Even if your business isn’t seasonal, things like differences in your competitors marketing strategies, political change or a variety of other variables can make it difficult to directly compare the results of A/B tests.

As a result, sometimes it can be hard to know if a particular A/B testing variant succeeded (or failed) because of factors outside of your control or even knowledge. The more tests you run, the murkier your results may become.

However, with a multiple variant test, you are testing all of your variants under the same conditions. That makes it easy to compare apples-to-apples and draw valid, reliable conclusions from your tests.

What Does Testing Multiple Variants Look Like in Real Life?

To show you just how testing multiple variants can improve your CRO results, let me share an experience we recently had with one of our clients.

The client wanted to get site traffic to their “Find Your Local Chapter” page, so we decided to add a “Find Your Local Chapter” link to the client’s footer. That way, the link would be seen by as many people as possible.

Makes sense, right?

So, we put together something that looked like this:

testing-multiple-footer-variants-v1

At first, we figured we would just put the link in the footer and run a test to see if the link made a difference.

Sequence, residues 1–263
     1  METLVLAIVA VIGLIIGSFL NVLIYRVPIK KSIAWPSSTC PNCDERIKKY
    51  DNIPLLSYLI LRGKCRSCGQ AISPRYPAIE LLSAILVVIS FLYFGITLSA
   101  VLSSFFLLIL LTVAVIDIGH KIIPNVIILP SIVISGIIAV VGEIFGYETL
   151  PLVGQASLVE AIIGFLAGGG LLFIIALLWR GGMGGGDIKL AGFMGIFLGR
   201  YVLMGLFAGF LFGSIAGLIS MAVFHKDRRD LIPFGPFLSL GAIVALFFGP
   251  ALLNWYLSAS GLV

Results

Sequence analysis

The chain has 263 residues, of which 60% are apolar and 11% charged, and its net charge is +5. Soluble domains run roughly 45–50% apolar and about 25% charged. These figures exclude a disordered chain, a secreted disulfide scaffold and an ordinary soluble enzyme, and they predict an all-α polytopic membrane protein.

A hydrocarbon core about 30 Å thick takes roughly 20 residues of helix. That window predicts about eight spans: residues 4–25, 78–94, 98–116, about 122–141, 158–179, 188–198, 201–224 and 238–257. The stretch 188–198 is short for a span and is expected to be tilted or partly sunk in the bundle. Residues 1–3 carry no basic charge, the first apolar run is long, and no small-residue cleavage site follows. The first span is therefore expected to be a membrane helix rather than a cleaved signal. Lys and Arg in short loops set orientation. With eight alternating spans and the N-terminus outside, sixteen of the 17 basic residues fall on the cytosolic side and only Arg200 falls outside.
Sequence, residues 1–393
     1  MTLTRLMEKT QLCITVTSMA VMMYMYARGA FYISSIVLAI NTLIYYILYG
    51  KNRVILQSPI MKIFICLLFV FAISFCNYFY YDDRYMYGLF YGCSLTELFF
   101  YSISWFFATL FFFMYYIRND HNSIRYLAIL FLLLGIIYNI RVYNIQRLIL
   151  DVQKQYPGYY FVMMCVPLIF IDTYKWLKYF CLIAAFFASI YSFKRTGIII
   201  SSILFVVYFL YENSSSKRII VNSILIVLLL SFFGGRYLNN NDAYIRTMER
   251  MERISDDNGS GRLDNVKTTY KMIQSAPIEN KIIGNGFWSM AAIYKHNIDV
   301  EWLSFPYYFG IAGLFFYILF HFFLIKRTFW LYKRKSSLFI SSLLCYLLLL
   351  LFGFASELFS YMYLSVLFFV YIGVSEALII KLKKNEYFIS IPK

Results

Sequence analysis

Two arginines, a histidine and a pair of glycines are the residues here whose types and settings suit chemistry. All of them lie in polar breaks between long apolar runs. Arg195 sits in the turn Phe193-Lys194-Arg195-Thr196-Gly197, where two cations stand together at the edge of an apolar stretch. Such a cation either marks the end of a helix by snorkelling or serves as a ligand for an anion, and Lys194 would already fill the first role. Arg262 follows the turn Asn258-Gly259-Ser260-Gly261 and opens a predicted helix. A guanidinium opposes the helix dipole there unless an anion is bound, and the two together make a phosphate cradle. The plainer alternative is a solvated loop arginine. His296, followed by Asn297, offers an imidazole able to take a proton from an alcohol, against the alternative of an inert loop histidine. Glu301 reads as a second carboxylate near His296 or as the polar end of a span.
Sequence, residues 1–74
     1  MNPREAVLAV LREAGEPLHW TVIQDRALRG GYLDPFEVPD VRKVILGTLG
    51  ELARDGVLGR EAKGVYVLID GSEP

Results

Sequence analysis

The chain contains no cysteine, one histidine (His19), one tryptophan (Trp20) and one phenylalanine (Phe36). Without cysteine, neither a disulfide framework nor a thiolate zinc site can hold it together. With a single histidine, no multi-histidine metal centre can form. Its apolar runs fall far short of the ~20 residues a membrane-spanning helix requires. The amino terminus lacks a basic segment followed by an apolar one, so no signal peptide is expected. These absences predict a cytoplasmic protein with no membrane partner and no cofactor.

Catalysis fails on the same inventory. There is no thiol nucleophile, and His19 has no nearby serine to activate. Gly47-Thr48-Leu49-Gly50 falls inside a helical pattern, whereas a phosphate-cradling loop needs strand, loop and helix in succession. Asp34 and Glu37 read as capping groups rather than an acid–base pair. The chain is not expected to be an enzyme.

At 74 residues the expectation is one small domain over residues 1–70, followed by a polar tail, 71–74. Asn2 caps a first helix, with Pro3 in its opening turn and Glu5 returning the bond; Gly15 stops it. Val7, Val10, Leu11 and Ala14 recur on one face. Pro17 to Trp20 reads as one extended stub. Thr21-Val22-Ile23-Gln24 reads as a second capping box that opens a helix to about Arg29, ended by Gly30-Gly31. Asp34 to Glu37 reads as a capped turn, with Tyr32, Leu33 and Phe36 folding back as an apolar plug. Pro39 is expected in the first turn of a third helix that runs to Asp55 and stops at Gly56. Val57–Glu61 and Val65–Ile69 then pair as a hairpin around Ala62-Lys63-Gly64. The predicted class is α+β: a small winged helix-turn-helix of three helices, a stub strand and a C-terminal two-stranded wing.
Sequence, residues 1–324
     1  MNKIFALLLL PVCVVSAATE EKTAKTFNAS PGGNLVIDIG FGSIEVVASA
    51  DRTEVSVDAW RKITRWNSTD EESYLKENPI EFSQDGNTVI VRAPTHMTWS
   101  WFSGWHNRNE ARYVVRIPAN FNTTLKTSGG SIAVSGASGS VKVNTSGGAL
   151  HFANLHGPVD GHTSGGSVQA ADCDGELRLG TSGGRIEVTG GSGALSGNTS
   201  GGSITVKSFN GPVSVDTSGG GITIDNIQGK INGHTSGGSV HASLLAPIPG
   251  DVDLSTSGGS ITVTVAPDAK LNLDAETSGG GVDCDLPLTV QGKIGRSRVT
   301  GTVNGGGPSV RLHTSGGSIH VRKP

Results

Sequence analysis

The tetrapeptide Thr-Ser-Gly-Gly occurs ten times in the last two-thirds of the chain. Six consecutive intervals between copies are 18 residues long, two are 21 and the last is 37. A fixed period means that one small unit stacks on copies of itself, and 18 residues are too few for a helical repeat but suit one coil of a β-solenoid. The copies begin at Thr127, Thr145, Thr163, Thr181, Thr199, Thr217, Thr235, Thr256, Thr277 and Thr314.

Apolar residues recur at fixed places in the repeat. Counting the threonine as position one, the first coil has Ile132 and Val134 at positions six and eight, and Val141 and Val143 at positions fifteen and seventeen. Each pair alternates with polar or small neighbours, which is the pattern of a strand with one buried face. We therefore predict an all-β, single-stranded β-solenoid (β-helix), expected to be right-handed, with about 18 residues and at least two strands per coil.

But then, we started wondering if there was a way to make the link even more noticeable. After all, getting traffic to this page was a big deal to the client, so it made sense to emphasize the link.

With that in mind, we added color to the link:

testing-multiple-footer-variants-v2

Now, this idea seemed logical, but at Disruptive, we believe in testing, not gut instinct, so we figured, “Hey, we’ve got enough traffic to test 3 variants, let’s take this even further!”

The problem was, the client’s site was a designer’s dream—modern and seamlessly designed. To be honest, we had a bit of trouble selling them on the idea that creating a page element that interrupted their seamless flow was worth testing.

But, eventually, we convinced them to try the following:

testing-multiple-footer-variants-v3

It was very different from anything the client had tried on the page before, but we decided to run with the idea and include it in our test.

A few weeks and 110,000 visitors later, we had our winner:

testing-multiple-footer-variants-results

Not surprisingly, adding the “Find Your Local Chapter” link increased page visits by over 60% for every variant—that’s an awesome win, right?